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Somerset House is one of the most interesting buildings in London, the present building dates from 1775 but was not completed until the early 19th century. This building replaced the old Tudor Palace on the site which had been built by Edward Seymour, Lord Protector and Duke of Somerset.
This particular area alongside the river side and Strand frontage were popular locations for the London residences of the aristocracy and many fine houses were built here. By 1551 Somerset House was virtually complete, but the Duke had little opportunity to enjoy luxurious surroundings of Somerset House. He was accused of treason and executed on Tower Hill in 1552.
After Somerset’s execution the building passed into the hands of the Crown. The house was occupied by Princess Elizabeth, the future Queen Elizabeth I, until her accession to the throne in 1558. Following the death of Elizabeth in 1603, James I of England and VI of Scotland married Anne of Denmark and Norway, Anne was given Somerset House for her own use and renamed the place ‘Denmark House’.
Somerset House 1722
Charles the First’s wife, Henrietta Maria of France then began to use Denmark House with reconstruction overseen by Inigo Jones. However she fled to France during the Civil War, just before her husband’s execution. During the Civil War Denmark House was used as quarters for General Fairfax who commanded the Parliamentary Army. When Cromwell died in 1658, his body lay in state at Somerset House.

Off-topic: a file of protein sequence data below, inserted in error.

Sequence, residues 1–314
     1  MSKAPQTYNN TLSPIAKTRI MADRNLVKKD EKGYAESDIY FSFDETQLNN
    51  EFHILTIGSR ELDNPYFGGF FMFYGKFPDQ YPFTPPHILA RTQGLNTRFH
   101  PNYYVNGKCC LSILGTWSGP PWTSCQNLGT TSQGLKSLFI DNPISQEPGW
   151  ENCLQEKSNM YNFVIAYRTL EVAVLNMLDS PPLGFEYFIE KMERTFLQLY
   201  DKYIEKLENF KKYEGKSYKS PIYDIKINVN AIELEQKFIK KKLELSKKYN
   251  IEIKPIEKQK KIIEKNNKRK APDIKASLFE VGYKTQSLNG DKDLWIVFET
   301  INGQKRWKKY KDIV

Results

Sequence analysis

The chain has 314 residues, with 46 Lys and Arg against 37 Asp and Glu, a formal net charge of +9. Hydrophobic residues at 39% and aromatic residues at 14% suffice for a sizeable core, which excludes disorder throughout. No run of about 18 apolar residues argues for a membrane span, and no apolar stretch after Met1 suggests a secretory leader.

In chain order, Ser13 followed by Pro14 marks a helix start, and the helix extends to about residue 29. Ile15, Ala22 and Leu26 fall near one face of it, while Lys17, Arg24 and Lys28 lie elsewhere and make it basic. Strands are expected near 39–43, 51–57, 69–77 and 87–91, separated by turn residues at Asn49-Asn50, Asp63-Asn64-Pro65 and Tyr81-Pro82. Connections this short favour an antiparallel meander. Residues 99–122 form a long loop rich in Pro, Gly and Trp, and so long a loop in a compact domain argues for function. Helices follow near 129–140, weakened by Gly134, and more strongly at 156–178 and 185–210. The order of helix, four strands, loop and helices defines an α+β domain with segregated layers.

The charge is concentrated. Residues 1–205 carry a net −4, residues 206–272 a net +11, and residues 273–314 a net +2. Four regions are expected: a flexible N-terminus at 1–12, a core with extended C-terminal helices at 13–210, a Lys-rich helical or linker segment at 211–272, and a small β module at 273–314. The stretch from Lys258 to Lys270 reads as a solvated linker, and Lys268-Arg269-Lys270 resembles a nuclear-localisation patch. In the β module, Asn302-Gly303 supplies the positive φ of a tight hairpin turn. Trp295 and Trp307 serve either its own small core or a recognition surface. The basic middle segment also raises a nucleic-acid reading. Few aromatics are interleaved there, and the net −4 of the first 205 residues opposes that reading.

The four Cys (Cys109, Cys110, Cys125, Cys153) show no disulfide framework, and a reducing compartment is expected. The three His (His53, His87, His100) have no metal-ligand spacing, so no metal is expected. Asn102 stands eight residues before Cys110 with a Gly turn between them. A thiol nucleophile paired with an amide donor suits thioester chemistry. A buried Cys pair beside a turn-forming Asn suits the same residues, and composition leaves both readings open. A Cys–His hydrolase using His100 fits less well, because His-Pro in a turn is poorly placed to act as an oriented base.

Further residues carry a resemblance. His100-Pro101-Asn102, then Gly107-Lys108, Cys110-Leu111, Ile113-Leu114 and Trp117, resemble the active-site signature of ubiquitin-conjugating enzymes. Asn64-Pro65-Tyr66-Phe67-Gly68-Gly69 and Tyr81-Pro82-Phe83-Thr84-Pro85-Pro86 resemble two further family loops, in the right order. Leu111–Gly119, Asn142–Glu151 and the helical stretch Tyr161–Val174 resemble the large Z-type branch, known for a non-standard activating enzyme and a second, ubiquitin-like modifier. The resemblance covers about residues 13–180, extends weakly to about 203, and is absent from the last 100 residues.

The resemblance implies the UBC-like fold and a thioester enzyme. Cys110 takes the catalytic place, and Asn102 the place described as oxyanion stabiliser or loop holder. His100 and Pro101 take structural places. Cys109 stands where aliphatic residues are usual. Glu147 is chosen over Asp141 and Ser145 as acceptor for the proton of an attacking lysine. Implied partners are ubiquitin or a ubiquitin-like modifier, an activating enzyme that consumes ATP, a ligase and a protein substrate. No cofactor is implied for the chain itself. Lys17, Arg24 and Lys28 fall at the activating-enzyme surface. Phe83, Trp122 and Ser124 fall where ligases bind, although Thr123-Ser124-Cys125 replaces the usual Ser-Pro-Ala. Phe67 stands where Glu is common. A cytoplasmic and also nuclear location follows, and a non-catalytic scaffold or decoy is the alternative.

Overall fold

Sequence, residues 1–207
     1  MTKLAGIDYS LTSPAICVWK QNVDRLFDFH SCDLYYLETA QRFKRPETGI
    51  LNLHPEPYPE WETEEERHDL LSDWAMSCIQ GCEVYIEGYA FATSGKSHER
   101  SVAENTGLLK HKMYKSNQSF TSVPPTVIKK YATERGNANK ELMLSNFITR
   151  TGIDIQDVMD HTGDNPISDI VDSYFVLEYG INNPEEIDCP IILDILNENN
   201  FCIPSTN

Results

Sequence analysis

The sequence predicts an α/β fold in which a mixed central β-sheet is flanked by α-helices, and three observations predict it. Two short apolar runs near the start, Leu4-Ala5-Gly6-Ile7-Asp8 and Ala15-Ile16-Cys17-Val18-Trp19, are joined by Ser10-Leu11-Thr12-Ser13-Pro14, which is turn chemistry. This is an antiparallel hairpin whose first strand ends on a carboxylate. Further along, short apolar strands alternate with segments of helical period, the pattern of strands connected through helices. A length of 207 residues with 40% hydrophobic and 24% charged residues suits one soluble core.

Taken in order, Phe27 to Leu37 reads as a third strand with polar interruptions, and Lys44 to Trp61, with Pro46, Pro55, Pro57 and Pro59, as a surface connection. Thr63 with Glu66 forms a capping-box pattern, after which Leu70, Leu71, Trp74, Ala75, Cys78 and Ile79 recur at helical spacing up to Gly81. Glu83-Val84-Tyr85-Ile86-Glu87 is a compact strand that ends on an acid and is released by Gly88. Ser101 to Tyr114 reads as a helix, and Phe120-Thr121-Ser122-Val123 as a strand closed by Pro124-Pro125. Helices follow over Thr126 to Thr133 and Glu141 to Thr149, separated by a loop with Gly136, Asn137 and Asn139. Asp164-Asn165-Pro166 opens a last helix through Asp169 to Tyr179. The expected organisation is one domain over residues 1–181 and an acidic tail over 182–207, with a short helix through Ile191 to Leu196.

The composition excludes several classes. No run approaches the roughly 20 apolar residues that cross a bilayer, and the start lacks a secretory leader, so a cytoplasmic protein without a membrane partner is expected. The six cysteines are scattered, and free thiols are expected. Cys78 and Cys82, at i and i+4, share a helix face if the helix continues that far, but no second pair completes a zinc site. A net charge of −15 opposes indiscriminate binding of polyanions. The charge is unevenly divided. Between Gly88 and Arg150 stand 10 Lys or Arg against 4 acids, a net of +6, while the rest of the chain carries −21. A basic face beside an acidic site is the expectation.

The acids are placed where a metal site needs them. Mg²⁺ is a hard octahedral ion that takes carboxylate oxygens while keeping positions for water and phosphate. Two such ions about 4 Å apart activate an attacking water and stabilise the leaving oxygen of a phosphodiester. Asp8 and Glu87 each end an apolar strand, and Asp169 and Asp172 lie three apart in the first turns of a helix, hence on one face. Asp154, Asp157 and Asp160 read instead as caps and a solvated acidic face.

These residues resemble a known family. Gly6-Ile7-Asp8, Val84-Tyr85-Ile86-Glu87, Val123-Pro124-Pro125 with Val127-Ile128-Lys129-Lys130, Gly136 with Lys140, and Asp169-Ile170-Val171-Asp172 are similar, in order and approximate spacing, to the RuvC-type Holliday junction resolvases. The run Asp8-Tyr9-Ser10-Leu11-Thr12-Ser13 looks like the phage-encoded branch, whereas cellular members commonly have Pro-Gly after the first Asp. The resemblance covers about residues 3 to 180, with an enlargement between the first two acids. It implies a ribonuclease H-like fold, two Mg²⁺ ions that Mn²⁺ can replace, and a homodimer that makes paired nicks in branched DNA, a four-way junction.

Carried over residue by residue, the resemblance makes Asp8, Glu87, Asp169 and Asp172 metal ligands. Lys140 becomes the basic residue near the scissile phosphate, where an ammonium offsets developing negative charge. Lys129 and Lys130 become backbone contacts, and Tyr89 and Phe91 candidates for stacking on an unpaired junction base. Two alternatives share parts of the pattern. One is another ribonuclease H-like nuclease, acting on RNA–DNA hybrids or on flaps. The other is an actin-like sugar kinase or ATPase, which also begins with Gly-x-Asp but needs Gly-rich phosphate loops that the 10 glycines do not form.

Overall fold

After Charles II’s restoration in 1660, Henrietta Maria, Charles I’s widow and now Queen Dowager, returned to Denmark House. The house managed to survive the plague and the great fire of London 1666 but was not able to survive the ravages of time and in the 18th century was virtually a ruin.
The grand new building of 1775 was created to bring together various government departments and learned in one building. One of the first occupants were the Royal Academy of Arts who were joined by The Royal Society and the Society of Antiquaries . Government offices included the Navy Board, the Sick and Hurt Office, Victualling Office. General Register Office , Principal Probate Registry and The Board of Inland Revenue who occupied the east and west wings of Somerset House until 2011.
In the last 20 years, there has been a comprehensive restoration programme which has seen galleries and other cultural spaces introduced. The Embankment Terrace has been reopened and the great Courtyard has been transformed to produce one of the most vibrant public spaces in the capital. It is the location for a variety of concerts and other outdoor performances in the summer and the scene of the popular Somerset House Ice Rink during the winter period. The North Wing is occupied by the popular Courtauld gallery and the whole site has a large range of events throughout the year.
For more information, visit the Somerset House website here
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